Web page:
A healthy kitty is a happy kitty, and cat hygiene is a crucial aspect of your pet’s overall health.
Cats are notorious for their independent, self-sufficient ways. That being said, there are still several supplemental steps you can take as a pet owner when it comes to keeping your cat clean, happy, and healthy.
Cats learn to groom themselves as kittens, and continue this habit throughout their lives. If your cat has ever licked you, you’ve likely felt that rough, sandpaper-like texture on the tongue. That’s because felines have tiny hooks called papillae on their tongues, which help to comb through the fur and pick up dirt and debris as they lick themselves.
There are several reasons behind your cat’s self-washing techniques. As your kitty licks herself, she is also:
- Stimulating sebum production (oily secretion) to keep the skin healthy.
- Spreading sebum throughout her coat to protect the fur and give it a healthy shine.
- Removing loose fur, dirt, and parasites from her coat.
- Preventing matted fur.
- Spreading saliva to cool off, since cats don’t sweat much (or pant like their canine counterparts).
- Comforting herself. Like kneading, grooming can be a comforting tactic when your furry friend is feeling stressed or is unsure how to respond to a situation.
When it comes to those hard-to-reach spots, cats have to get a bit more creative. Perhaps you’ve seen your cat lick her paws and then wipe her face, head, and ears. If you have multiple cats, you may see them engage in mutual grooming. Licking each other isn’t just an efficient cat washing practice, though—it can also be a sign of love and affection.
To support your cat’s healthy skin and coat, try Pet Honesty’s Omega-3 Fish Oil. Additionally, watch for signs of both neglect or overgrooming, as this could indicate physical or mental health issues.
Do Cats Need Baths?
Since cats spend so much time grooming themselves, they’re pretty self-sufficient when it comes to hygiene. However, there may be times when your cat needs some extra cleaning assistance, such as when she’s exceptionally dirty, sticky, or smelly. (Basically, if your cat needs a bath, you’ll know.)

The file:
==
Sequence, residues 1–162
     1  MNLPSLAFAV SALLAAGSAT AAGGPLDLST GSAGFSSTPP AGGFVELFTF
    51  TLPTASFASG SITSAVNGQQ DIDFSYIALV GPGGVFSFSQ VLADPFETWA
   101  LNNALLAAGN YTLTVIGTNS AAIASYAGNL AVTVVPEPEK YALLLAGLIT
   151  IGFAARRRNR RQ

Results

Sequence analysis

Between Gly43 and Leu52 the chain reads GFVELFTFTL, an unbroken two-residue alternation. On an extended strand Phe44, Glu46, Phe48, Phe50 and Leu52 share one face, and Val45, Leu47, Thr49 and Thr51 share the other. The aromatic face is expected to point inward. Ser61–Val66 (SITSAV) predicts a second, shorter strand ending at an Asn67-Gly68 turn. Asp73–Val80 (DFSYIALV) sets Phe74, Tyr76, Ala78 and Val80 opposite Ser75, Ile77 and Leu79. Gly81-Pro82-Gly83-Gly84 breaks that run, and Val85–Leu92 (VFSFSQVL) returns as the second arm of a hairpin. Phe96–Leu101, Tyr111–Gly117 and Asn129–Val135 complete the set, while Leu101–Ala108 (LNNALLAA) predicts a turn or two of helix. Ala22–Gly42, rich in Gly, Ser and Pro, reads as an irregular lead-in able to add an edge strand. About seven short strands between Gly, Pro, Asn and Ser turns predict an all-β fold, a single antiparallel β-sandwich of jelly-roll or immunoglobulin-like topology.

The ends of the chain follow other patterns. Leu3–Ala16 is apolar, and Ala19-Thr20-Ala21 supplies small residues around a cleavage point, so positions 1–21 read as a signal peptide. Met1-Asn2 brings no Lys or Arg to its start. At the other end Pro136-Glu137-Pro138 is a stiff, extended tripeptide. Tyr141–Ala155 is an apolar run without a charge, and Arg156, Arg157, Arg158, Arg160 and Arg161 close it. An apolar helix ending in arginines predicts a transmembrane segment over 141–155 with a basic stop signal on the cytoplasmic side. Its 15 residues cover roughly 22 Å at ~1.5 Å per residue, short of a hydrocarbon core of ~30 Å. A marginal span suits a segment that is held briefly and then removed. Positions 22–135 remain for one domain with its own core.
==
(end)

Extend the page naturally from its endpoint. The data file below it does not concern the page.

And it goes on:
For best cat washing practices, take the appropriate steps:
- Always brush before bathing.
- Trim your kitty’s claws (for your own safety!)
- Use a hand-held spray hose, cup, or pitcher to control the direction of the water. Use a damp washcloth instead of spraying directly at the face.
- Place a slip-proof mat in the tub or sink.
- Use lukewarm water—NOT hot.
- Use a cat-friendly shampoo, such as Pet Honesty’s Allergy Itch Relief Shampoo which can help to relieve itching and soothe skin issues. Gently massage from head to tail, following the direction of hair growth. Be sure to rinse all shampoo thoroughly.
- Dry your kitty in a large, dry towel and offer plenty of treats as a reward!
Some cats love being pampered, and brushing is a great way to make your kitty feel like she’s at the spa. Plus, it’s a great way to spend some quality time together.
Brushing also helps to:
- Remove loose fur and keep shedding under control.
- Remove dirt, grease, and debris from the coat.
- Prevent matted fur.
- Boost blood circulation, which can improve the overall skin and coat.
One or two brushing sessions per week is sufficient for short-haired cats, with long-haired cats needing more—sometimes daily.
Your cat’s hygiene isn’t limited to her fur and coat. Monitor your cat’s ears on a regular basis for debris, discharge, swelling, excess wax, odors, or pests such as ear mites. For routine cleaning, use a vet-approved ear cleaner to gently wipe away wax or debris. Avoid getting inside the ear canal, as this could cause further problems.
If your kitty is frequently shaking or tilting her head, or seems to have more trouble balancing than usual, she may need to see the vet for possible ear issues.
Don’t declaw your cat. Instead, make sure you have plenty of cat-friendly scratchable surfaces around the house, and/or trim your kitty’s nails regularly to maintain her nails.
Check your cat’s paws regularly to make sure they’re clean and free of wounds, debris, or infection. This is especially important since your cat uses her mouth to clean herself, and you don’t want her to ingest any harmful debris or chemicals.
Dental wellness is another crucial aspect of your cat’s overall health. Brush your cat’s teeth on a regular basis using a feline-friendly toothpaste, and offer dental treats and chew toys to keep plaque at bay.
Be sure to provide your cat with a healthy, balanced diet as well. In some cases, cats may need specific vet-prescribed dental diets to keep their pearly whites healthy.
The cleaner the environment, the cleaner the cat. Clean the litter box on a regular basis to keep your cat happy and avoid bathroom incidents in other parts of the house.
Flea bites are the most common cat allergy, so be sure to stay up-to-date with preventative treatments. Vacuum your home regularly to remove any potential pests, especially if your cat likes to spend time both outdoors and indoors.